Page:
• drug consumption rooms,
  • heroin-assisted treatment,
  • dissuasion commissions,
  • drug courts,
  • prison-based treatment
  • prison-based harm reduction,
  • new psychoactive substances,
  • supply-side regulation of cannabis, and
  • decriminalising the possession of cannabis for personal use.




On 7 January 2015 Measurement matters: designing new metrics for a drug policy that works was published by the Igarapé Institute, a Brazilian-based think-and-do-tank that focuses on emerging security and development issues; the Institute serves as the Secretariat to the Global Commission on Drug Policy. This new strategic paper introduces a preliminary set of six goals, 16 targets and 86 indicators to help guide governments, law enforcement agencies, health institutions and civil society in crafting more effective and efficient drug policy. The paper is based on interviews with more than 50 leading drug policy experts from North and Latin America, Africa and Asia between 2012 and 2014, and a review of international best practice. According to one of the authors, ‘conventional drug policy metrics … tell us how tough we´re being, but say nothing about whether we´re successful or not’.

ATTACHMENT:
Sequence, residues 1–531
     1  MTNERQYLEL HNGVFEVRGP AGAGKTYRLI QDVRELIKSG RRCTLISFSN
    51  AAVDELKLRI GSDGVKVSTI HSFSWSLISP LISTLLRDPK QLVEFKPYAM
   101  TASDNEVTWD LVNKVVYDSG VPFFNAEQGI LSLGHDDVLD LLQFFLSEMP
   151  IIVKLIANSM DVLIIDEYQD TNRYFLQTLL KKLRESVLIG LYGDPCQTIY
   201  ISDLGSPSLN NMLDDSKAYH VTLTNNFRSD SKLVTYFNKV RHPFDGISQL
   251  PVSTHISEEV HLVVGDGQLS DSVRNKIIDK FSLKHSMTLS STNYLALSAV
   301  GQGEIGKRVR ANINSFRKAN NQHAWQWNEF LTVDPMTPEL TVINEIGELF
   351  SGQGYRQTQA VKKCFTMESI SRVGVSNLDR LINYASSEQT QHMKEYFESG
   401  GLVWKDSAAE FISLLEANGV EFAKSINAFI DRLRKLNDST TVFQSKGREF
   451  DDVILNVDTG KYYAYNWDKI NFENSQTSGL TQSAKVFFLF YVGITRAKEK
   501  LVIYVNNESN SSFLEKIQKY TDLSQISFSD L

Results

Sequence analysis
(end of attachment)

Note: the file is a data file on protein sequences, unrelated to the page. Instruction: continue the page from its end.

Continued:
Under two high-level impacts – improving the health and welfare of the population, and enhancing security and safety of people – Measurement matters proposes six over-arching goals:

  • end criminalisation and stigmatisation of drug users,
  • curb drug use through public health measures,
  • diminish rate of incarceration of non-violent drug-related offenders,
  • target violent organised crime groups and traffickers,